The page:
Migration: four immediate measures that the EU could take


In the face of the deadly catastrophe in the Mediterranean, NGOs and left-wing parliamentarians promote solutions for welcoming refugees. This is in total opposition to the European leaders who think only of reinforcing border controls.

The catastrophes are becoming a daily occurrence. Yesterday, the International Organization for Migration (IOM) received distress calls from two vessels carrying 450 people. The coast guards "did not have the means to rescue them", explained the IOM, because they were still mobilised on a shipwreck from the day before. The grim result of the shipwreck this weekend increased from 700 to 950 deaths by drowning, according to the Public Prosecutor’s office in Catania, Sicily. The shock is such that yesterday, in the early afternoon, the European Union (EU) convened a meeting of Internal and Foreign Affairs Ministers. Furthermore, in the Aegean Sea, three migrants perished during a shipwreck of a sailboat carrying eighty people. The EU is no longer facing a fatality; rather, according to several NGOs and European parliamentarians on the left, it is confronted with the results of repressive immigration policies. Solutions exist, however, for Europe to finally end its policy of failure to assist persons in danger.

Over the last 10 days, at least 1,350 migrants died by drowning at the doors of the European fortress. “We no longer have an alibi”, stated the Head of European diplomacy, Federica Mogherini, yesterday, at the extraordinary meeting with EU Ministers of Internal and Foreign Affairs. “Immediate measures are needed on the part of the European Union and Member States.” But in the face of such a tragedy, following the urgent meeting, the European Ministers of Internal and Foreign Affairs decided (see sidebar) to reinforce the measures entrusted to the Frontex agency responsible for European border control since 2004. They still refuse to take responsibility, singling out the smugglers, whom François Hollande labelled as “terrorists” on Sunday. Definitive and immediate steps could otherwise be taken before embarking upon radical changes to migration policies.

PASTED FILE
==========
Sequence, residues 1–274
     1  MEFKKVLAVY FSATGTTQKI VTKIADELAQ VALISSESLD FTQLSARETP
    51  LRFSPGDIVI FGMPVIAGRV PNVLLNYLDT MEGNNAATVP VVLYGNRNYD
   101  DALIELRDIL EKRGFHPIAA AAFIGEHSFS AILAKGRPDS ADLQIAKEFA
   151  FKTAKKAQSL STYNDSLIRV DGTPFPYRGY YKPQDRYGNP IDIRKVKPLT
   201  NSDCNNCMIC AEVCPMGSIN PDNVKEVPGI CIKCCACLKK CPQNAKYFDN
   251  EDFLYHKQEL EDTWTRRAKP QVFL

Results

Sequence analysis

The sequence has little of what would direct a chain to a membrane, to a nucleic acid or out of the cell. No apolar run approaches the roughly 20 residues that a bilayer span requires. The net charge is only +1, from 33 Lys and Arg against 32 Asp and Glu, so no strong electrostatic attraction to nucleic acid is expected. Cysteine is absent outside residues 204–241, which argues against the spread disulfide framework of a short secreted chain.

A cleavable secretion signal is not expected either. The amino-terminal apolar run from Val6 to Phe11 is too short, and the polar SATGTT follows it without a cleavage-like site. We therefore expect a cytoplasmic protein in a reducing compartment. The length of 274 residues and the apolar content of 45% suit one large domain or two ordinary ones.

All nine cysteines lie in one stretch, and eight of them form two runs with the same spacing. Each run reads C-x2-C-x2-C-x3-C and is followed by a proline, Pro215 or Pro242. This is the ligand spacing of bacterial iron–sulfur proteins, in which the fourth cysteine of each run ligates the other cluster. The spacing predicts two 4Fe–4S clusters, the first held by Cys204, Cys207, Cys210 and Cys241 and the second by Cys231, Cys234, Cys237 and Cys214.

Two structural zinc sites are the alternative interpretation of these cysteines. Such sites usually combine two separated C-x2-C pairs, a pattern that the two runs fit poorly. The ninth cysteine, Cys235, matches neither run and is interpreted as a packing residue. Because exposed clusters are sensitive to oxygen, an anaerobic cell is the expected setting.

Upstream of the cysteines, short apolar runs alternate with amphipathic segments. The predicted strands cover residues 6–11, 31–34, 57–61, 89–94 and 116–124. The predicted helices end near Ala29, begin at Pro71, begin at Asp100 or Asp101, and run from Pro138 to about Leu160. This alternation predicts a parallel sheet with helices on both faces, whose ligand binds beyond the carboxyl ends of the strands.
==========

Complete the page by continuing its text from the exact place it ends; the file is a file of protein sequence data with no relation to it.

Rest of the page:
1. Create a coalition of countries ready do something for the migrants

In November 2014, Italy just abandoned its “Mare Nostrum” rescue operation. Member states of the EU then substituted it for “Triton”, led by Frontex, whose mandate is largely repressive. Its budget is €3 million monthly, some three times more than that which the Italians earmark solely for rescue missions. ‘This is inexcusable,’ protested Malin Bjork, Member of the European Parliament from the Swedish Left Party. ‘The States can no longer hide themselves behind the twenty-seven others. If they all are not ready to put in place a new “Mare Nostrum”, then those who are will take action. People are dying. Lives must be saved.’ For the parliamentarian, members of the European United Left, Greece, Spain and Italy cannot solely take in the constant flux of refugees fleeing armed conflict. She added: ‘There are European countries in which the extreme right forms the government. We cannot wait until the twenty eight member states are ready to change their migration policies. If one more boat sinks, this will be due to the lack of political courage.’

2. Apply the Circular on temporary protection